From majestic old photographs capturing the grandeur and heritage of Malaysia’s history in black & white and hues of sepia, to the colourful and inviting snapshots portraying the unique melting pot of culture that has become the celebrated identity of Malaysia today, this temporary exhibition is definitely worth a catch while it’s here, to add a spice of flavour to the tour of the museum.
The on-going (well, it ends on 5th Mar) exhibition at the Asian Civilisations Museum (ACM) in Singapore titled ‘Cities & Kings: Ancient Treasures from Myanmar’ brings together 60 artefacts from 4 museums: National Museum Nay Pyi Taw, National Museum Yangon, Bagan Archaeological Museum, and ACM.
The exhibition showcases the culture and history of the country from the early Pyu and Mon civilisations up to the Mandalay Kingdom.
The Pyu civilisation developed in upper and central Myanmar in the early centuries of the first millennium and remained a force for close to a thousand years. It had among the earliest, if not the earliest, urban centres in Southeast Asia and saw the emergence of large walled cities such as Halin, Beikthano, and Sri Ksetra. These cities, located on the banks of the Ayeyarwady River amidst fertile agricultural plains, had sophisticated irrigation systems and participated in long distance trade. The culture adopted Buddhism and, to a lesser extent, Hinduism. It is thought that Buddhism flowed into Central Myanmar through present day northeast India and Bangladesh which were part of the Pala Kingdom. Here was also located the Nalanda University which expounded Mahayana and Tantric schools of Buddhist thought and these strands of Buddhism flowed into the Pyu culture.
Contemporaneous with Pyu was the Mon civilisation in Lower Myanmar. Large urban centres with specialisations in trade developed at Thaton, Kyaikkatha, and Winka-Ayetthema. These were coastal cities connected by trade routes to India, Sri Lanka, Dvaravati (a Mon Kingdom in today’s Thailand), and the Hindu-Buddhist polity at Bujang Valley (Kedah). Theravada Buddhism prevailed in Lower Myanmar showing a close link with Sri Lanka.
Bagan (previously Pagan), founded by the Bamars (Burmans), rose to prominence during the 11th to 13th centuries. It was an inland polity situated on the left bank of the Ayeyarwady River between Kyaukse and Minbu, two rice producing regions. Rice surplus from these two regions was centralised at Bagan and this allowed Bagan to exercise control throughout the Ayeyarwady basin, including the Mon controlled coastal areas. Bagan became the first royal capital of Myanmar. Its first king, Anawrahta (reign: 1044-77), introduced Theravada Buddhism to Bagan after sacking the Mon city of Thaton in 1057 to obtain a copy of Tipitaka, a text on Theravada Buddhism. The population of Myanmar today remain Theravada Buddhist.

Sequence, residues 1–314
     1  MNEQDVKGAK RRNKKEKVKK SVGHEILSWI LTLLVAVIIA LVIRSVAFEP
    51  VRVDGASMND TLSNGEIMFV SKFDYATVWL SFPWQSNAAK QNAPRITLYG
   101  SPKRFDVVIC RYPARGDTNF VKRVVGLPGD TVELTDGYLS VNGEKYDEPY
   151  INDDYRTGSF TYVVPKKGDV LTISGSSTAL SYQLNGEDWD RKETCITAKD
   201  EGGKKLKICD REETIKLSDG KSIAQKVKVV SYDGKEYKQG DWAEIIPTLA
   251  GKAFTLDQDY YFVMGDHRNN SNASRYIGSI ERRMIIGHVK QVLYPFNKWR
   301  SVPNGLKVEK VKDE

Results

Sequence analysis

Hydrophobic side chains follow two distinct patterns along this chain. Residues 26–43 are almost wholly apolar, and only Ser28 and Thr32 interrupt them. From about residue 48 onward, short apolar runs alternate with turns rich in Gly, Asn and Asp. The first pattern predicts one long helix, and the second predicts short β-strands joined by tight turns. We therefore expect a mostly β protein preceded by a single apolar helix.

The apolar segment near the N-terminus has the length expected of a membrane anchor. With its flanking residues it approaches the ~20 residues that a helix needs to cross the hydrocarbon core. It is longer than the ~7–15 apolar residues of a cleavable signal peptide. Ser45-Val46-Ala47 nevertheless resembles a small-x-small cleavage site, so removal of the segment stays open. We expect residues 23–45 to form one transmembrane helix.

Power shifted to Inwa (previously Ava) in the mid 14th century. As Bagan disintegrated, a new Mon kingdom was established at Bago (previously Pegu) in 1281 and a king appeared at Rakhine (previously Arakan). The Shans, who had dominated the northern highlands, started moving to the lowlands. King Mindon (reign: 1853-78) moved his royal capital from Amarapura to Mandalay in 1857. This was the last royal capital as the British captured Mandalay in 1885 and King Thibaw was exiled to Ratnagiri, India. The British moved the capital to Yangon (previously Rangoon) which they had captured in 1852. Nay Pyi Taw, 300 km to the north of Yangon, became the capital of Myanmar in 2005.
“From Angkor to Bujang Valley”. That was the title of the conference which took place at Alliance Française of Kuala Lumpur on Jan 25th. And as you all know, when MVs hear the words “Bujang Valley”, they tend to flock like birds on a wire. And indeed a large audience, comprising quite a few MV docents, trainees, and trainers, gathered to listen to Dr Daniel Perret, researcher from the French School for Asian Studies. The talk was mostly oriented towards the program of research in South-east Asia and the archaeological methods employed by this unit.
The French School for Asian Studies (Ecole française d’Extrème-Orient) is a public institution under the Ministry for Higher Education and Research. It was founded in 1898 in Saigon and, therefore, started its activities mostly in what was French Indochina. Today it is established in twelve countries, with eighteen research centers, from India to Japan. In Malaysia, the Center is hosted by the Department of History, Faculty of Arts and Social Sciences, University of Malaya. It conducts research in cooperation with the University of Malaya, UKM, JMM…
A lot of research has been devoted to Indochina: it included, from 1992, the rehabilitation of many Angkor Temples, but the center has also been active in countries such as Laos (Vat Phu Temple -11th-13th century CE), Vietnam (Quang Ngai wall, a 19th century fortified wall extending for 127 km in the Champa region), and Myanmar (inventory of 2,800 monuments in Pagan (Bagan) -1044-1287 CE-).
Dr Perret himself has devoted a lot of his activities in Indonesia, mainly Sumatra, and in Malaysia, including in the Bujang Valley.
In Sumatra, research, which has now turned away from the exclusive study of temples and monuments, has been devoted to the evolution of three settlements, Barus (on the west coast), Padang Lawas (central Sumatra) and Kota Cina (on the north-east coast).